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We recommend — Strangers & Natives: A Newspaper Narrative of Early Jewish America, 1734-1869

“God forbid that any native country, whose boast is to be free and happy herself, should cease to afford to the sons and daughters of sorrow, fleeing from the wrongs and miseries of European depotism, a hearty welcome and a happy home!” — Enoch S. Wines, 1844

Strangers & Natives: A Newspaper Narrative of Early Jewish America, 1734-1869
Ron Rubin
Jerusalem: Urim Publications, 2019
E184.352 R83 2019 General Collections, Level 2

Dr. Ronald Rubin, for years a donor of wonderful items to Rare Books, has published Strangers & Natives, focusing on the formation of Jewish congregations and organizations and the involvement of Jews in education, literature, journalism, politics, the marketplace, and the military using newspaper articles, advertisements, announcements, and obituaries from North American British colonial times through the United States Civil War, most culled from his own large collection. Dr. Rubin added contextual descriptions and historical references to 179 newspaper items, fleshing out the people, events, and scenes.

In his Introduction, Rubin writes, “The immediacy and unadulterated quality of newspaper accounts underscore their value as primary sources inherent to the historical process.” (The J. Willard Marriott Library has made the scanning of local and regional newspapers, most of which were collected and saved by Special Collections for decades, a goal of its collection development. For more about this project click here.)

Rubin quotes Isaiah Thomas (1749-1831), publisher and printer, “[Newspapers] have become the vehicles of discussion, in which the principles of government, the interests of nations, the spirit and tendency of public measures, and the public and private character of individuals, are all arraigned, tried, and decided.” Thomas continued, “There are few of them…which have not added to their political details, some curious and useful information, on the various subjects of literature, science and art. They have thus become the means of conveying, to every class in society, innumerable scraps of knowledge, which have at once increased the public intelligence, and extended the taste for perusing periodical publications. The advertisements, moreover, which they daily contain, respecting new books, projects, inventions, discoveries and improvements, are well calculated to enlarge and enlighten the public mind.” While extolling their worth, Thomas recognized problems with newspapers, as well,”Too many of our gazettes are in the hands of persons destitute at once of the urbanity of gentlemen, the information of scholars, and the principles of virtue.”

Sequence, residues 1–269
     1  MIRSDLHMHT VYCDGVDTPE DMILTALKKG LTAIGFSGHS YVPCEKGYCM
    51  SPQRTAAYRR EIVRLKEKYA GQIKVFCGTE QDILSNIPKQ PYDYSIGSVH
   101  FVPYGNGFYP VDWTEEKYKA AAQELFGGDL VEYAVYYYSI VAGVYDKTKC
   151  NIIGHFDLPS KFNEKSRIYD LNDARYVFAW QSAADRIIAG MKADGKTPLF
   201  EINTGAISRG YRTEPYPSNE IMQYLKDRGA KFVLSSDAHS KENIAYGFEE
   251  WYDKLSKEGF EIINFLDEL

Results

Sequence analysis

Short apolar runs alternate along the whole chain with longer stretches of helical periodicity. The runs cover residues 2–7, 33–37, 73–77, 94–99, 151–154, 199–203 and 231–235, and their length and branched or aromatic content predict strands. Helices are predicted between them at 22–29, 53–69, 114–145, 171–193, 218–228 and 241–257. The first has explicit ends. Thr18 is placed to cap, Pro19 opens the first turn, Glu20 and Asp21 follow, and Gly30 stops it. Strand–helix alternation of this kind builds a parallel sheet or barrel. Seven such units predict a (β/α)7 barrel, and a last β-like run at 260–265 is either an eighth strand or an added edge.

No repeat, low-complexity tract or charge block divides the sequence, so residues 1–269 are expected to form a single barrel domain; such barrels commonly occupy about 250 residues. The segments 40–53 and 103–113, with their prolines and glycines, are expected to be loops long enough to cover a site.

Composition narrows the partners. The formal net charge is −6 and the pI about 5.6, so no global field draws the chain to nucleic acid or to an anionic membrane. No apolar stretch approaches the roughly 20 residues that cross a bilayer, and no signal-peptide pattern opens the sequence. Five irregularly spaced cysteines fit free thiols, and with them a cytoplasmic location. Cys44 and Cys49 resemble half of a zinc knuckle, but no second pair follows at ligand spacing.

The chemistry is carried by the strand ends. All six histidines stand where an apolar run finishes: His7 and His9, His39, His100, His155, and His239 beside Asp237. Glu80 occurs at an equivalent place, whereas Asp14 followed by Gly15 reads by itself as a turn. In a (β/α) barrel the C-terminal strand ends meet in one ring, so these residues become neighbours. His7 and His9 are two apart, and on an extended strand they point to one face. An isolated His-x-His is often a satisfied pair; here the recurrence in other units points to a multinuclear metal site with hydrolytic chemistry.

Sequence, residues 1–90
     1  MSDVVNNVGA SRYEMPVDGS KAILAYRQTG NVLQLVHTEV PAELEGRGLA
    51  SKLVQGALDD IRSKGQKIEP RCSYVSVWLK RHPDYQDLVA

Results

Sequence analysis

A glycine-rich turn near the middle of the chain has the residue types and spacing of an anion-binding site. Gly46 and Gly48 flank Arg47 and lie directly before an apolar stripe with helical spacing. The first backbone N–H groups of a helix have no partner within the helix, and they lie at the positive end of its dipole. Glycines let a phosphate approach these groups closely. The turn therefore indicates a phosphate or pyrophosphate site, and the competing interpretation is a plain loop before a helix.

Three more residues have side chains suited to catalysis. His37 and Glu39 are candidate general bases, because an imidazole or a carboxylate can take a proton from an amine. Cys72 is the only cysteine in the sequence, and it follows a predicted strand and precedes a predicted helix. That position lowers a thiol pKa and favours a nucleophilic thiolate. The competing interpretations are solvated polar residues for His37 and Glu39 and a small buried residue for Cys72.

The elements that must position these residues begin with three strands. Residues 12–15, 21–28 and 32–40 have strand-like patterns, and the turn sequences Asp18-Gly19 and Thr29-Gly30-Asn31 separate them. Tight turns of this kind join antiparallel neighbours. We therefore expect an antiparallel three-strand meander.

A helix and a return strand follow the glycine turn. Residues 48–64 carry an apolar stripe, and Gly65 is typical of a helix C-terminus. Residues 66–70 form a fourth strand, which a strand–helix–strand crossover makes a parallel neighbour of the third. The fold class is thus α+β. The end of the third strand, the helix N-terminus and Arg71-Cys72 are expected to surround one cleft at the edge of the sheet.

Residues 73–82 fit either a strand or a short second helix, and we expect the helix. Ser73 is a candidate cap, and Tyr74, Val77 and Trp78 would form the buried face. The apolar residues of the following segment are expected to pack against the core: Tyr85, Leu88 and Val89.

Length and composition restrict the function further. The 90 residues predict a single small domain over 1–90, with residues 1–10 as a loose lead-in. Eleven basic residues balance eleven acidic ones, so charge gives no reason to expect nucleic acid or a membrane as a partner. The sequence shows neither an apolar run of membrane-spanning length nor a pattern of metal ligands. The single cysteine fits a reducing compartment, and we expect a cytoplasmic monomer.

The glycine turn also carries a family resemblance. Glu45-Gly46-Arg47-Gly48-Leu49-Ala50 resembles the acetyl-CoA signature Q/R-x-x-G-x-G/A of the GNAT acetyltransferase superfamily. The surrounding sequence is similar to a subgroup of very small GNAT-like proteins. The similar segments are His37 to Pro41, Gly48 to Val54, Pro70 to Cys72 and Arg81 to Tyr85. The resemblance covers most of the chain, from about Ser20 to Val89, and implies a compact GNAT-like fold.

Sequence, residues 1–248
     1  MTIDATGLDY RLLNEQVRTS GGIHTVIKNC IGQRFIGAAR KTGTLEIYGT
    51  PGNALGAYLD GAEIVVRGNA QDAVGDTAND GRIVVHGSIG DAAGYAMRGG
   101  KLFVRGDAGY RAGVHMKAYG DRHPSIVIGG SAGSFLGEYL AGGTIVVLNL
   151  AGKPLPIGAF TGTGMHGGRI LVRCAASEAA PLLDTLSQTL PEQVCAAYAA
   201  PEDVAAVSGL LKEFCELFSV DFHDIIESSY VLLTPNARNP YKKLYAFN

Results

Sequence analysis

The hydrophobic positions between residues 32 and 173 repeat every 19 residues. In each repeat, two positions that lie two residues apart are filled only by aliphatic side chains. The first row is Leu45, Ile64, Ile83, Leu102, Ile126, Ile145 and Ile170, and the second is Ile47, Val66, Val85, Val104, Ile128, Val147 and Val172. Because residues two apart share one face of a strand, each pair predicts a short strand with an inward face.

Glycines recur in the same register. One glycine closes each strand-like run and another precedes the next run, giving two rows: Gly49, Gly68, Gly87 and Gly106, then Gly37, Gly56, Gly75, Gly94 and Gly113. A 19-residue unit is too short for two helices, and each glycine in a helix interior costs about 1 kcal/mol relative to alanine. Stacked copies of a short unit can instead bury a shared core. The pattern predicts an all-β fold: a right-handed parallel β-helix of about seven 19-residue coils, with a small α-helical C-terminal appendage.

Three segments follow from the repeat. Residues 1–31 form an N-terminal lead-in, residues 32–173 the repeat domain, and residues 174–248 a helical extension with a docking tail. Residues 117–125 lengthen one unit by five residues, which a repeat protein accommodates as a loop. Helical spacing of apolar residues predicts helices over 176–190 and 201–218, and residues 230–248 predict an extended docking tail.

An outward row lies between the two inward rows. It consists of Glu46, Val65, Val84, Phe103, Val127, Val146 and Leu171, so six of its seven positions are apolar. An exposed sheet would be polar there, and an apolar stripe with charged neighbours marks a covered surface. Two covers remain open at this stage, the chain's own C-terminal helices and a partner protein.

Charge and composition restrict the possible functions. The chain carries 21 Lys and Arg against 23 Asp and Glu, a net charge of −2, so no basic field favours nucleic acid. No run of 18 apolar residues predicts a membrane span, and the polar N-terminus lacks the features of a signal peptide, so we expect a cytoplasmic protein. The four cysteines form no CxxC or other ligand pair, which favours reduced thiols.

Rubin uses Thomas’ thesis to build an argument regarding the worth of newspapers as a way to understand a minority population in a burgeoning country. “Newspapers reveal that Jews, despite their small numbers and non-Christian heritage, did not feel alienated, actually contributing significantly in the development of the federal republic. This conclusion particularly emerges based on ads, which in most newspapers comprised at least half of the edition’s space. These ads testify to the activity of Jews in many diverse fields in advancing the nation’s welfare such as commerce, finance, crafts, shipping, book sales and journalism…based on press accounts, we learn that Jews traded on the frontier, worked as administrators in schools for the deaf, announced marriages (sometime with non-Jews), paid for ads about returning lost wallets to their owners, sold their used furniture and, to be sure, also owned slaves…Politically, newspapers show that Jews were devoted to the American enterprise. Jewish names were included in published protests against British taxation.”